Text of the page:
Friday, 7 April 2017

Floating Rafts

This week we installed a new design of floating raft to the lough. The new floating islands are 2.5m x 2.5 m and made of recycled plastic. We've added gravel on top and the Perspex sides allow us to view any activity going on while keeping otters and other predators away. Even while we were putting them out there was cheeky otter seen in the reeds. The hope is that gulls and terns may nest on the raft.
New lough raft from the hide (c) MM

Close up of the raft ready for the birds!

Thursday, 6 April 2017

Turning to spring - first Sandwich terns 30th of March

First Sandwich terns seen at Lindisfarne National Nature Reserve on the 30th of March. These are the first terns to be seen in the spring returning from their migration. They often like to feed and roost around Goswick. If you see large flocks on the sand please give them space as they've made an amazing migration and need to feed and rest before breeding.
Sandwich tern in flight (c) JJD


Tuesday, 21 March 2017

WoWL wonderings

Richard was back in the Window on Wild Lindisfarne speaking to visitors yesterday -  below he gives an account of his afternoon.

Black Headed Gull (c) JJD
"Another sunny afternoon on Holy Island but with the edge taken off by a stiff wind. The birds were hunkering down as a result of the wind and so very little was on show from the Window. Nine black tailed godwits - the same ones as two weeks ago? -  were dozing in the marshy area and a small group of teal were in the same area.

Only gulls - black headed and herring - were on the flash.

A small flock of brent geese flew around in the distance but settled out of view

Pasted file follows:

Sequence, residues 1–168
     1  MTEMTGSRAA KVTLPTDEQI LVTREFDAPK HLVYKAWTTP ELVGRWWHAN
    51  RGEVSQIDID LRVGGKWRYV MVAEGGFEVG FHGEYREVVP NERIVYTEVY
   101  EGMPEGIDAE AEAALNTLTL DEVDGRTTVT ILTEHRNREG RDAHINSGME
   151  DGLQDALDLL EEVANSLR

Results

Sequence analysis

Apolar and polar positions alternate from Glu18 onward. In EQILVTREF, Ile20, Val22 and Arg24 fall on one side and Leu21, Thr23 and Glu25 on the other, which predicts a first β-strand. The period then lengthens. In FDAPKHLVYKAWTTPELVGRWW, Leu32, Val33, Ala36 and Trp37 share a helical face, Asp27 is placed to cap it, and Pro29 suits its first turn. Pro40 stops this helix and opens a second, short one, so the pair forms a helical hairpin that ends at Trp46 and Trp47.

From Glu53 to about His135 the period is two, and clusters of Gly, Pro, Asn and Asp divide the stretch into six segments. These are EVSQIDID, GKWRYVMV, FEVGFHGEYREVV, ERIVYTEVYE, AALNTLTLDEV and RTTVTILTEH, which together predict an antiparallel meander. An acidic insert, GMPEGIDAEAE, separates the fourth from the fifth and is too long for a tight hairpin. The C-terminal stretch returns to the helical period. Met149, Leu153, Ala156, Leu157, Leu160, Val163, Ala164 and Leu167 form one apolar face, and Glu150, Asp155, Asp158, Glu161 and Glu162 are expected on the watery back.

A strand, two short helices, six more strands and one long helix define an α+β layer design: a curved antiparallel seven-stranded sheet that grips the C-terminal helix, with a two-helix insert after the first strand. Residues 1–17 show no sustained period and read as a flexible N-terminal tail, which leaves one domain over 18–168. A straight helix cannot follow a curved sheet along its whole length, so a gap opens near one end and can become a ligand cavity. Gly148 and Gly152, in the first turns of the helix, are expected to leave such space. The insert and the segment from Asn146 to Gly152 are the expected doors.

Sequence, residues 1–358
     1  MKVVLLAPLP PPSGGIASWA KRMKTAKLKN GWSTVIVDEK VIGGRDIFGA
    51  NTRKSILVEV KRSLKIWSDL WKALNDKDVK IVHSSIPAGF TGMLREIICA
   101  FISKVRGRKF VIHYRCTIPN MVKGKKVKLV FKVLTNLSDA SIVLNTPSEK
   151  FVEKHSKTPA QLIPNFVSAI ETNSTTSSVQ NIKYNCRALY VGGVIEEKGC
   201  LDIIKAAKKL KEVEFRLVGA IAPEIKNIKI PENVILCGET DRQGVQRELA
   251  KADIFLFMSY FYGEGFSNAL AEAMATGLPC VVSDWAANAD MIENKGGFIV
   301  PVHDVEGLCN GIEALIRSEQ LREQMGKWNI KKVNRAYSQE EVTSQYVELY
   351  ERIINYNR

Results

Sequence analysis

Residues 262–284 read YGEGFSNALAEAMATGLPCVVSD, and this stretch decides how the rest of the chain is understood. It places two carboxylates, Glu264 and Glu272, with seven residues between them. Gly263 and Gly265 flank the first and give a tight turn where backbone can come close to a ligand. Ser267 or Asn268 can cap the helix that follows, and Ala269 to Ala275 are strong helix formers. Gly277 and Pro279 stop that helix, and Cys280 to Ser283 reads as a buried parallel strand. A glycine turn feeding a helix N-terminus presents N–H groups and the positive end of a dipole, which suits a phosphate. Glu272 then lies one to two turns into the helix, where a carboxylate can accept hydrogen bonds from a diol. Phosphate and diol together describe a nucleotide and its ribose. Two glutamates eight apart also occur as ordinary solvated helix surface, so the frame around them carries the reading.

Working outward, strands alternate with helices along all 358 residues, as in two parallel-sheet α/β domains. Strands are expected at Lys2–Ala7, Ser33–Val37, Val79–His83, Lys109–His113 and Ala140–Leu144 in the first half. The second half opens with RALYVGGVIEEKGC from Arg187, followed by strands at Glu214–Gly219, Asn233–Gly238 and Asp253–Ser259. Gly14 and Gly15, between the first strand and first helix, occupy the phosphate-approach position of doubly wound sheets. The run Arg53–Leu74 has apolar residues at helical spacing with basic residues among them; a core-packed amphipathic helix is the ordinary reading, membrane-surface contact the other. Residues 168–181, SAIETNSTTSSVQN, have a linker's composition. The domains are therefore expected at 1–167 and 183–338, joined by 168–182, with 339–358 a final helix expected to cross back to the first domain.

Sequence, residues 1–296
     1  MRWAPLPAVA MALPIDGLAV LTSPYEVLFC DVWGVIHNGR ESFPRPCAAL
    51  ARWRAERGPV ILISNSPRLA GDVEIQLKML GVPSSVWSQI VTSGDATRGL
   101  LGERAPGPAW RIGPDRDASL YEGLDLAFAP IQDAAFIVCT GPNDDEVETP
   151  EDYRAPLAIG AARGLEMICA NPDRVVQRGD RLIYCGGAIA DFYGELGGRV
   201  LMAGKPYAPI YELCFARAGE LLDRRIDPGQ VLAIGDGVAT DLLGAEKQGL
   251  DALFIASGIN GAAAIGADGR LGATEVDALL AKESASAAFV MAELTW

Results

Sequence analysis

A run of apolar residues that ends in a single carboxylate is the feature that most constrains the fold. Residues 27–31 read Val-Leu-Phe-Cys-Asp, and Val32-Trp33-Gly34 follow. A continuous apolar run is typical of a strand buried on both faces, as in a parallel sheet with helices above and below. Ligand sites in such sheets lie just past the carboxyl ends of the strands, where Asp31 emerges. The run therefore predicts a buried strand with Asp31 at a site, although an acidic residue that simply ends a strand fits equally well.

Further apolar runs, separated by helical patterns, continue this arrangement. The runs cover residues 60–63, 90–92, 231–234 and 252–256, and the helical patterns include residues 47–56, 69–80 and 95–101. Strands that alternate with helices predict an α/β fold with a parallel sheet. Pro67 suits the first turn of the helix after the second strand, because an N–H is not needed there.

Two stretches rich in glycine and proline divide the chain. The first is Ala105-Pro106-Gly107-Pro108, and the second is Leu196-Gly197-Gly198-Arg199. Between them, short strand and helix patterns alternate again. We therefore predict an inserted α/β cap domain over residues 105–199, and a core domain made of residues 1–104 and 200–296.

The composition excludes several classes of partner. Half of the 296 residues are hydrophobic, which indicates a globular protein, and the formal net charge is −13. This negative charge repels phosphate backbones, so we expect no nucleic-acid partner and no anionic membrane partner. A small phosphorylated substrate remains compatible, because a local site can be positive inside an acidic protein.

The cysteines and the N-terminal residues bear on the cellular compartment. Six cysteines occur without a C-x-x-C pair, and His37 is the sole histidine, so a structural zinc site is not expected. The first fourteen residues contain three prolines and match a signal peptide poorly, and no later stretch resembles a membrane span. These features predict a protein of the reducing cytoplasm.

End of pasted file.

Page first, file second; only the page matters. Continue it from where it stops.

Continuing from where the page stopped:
Despite the lack of birds there were many visitors into the Window with people from Texas, Germany, the Shetlands and Northern England. Many questions were answered on the theme of , "what bird was it that we saw........?" Close questioning of the birders elicited a nil response to the question, "Have you seen any wheatear?"

Wednesday, 15 March 2017

Peak Counts from February

Slavonian Grebe - 7
Little Egret - 3
Whooper Swan - 19
Barnacle Goose - 1070
Dark-bellied brent - 86
Light-bellied brent - 900
Shelduck - 1447
Wigeon - 962
Female and Male Wigeon
Teal - 115
Eider - 281
Pintail - 170
Red-breasted merganser - 8
Oystercatcher - 391
Golden Plover - 3551
Grey Plover - 192
Lapwing - 2680
Knot - 1443
Bar-tailed godwit - 407
Curlew - 781
Redshank - 376
Turnstone - 61
Spotted Redshank - 2

Red-breasted merganser



Thursday, 9 March 2017

Visitor ambassadors

We have a small group of volunteers who are our visitor ambassadors. They help with events and speaking to visitors at the Window on Wild Lindisfarne. We've had Jill and David as well as Richard giving up the odd day to be stationed there giving directions, advice and chatting about the Reserve. If you are visiting why not pop in there's plenty of information and if our volunteers are in then a scope and binoculars for you to use! (Pictures (c) JJD)

Here's Richard's account of his time:

A quiet morning as we expect given the tide times and Feb. - though a nice sunny day. There were sheep grazing in the field right up to the window pond - quite useful as they lifted 2 snipe.

Birds as well as the snipe were:
13 black tailed godwit
3 redshank
2 grey heron
30 ish teal
5 curlew

(If you would like to volunteer as an ambassador then please get in touch 01289 381470)